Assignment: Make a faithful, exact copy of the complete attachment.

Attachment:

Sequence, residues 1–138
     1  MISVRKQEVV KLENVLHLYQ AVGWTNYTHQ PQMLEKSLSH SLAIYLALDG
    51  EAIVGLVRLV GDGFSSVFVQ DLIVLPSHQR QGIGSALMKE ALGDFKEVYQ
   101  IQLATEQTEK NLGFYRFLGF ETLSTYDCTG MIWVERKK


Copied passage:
Sequence, residues 1–138
     1  MISVRKQEVV KLENVLHLYQ AVGWTNYTHQ PQMLEKSLSH SLAIYLALDG
    51  EAIVGLVRLV GDGFSSVFVQ DLIVLPSHQR QGIGSALMKE ALGDFKEVYQ
   101  IQLATEQTEK NLGFYRFLGF ETLSTYDCTG MIWVERKK